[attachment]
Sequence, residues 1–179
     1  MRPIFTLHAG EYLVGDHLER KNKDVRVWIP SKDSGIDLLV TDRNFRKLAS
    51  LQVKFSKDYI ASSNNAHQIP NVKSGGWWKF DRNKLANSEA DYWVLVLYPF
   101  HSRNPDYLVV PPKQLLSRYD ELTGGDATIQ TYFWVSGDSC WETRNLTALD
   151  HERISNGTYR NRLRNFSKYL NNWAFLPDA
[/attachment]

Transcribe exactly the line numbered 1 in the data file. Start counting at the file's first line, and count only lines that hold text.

Sequence, residues 1–179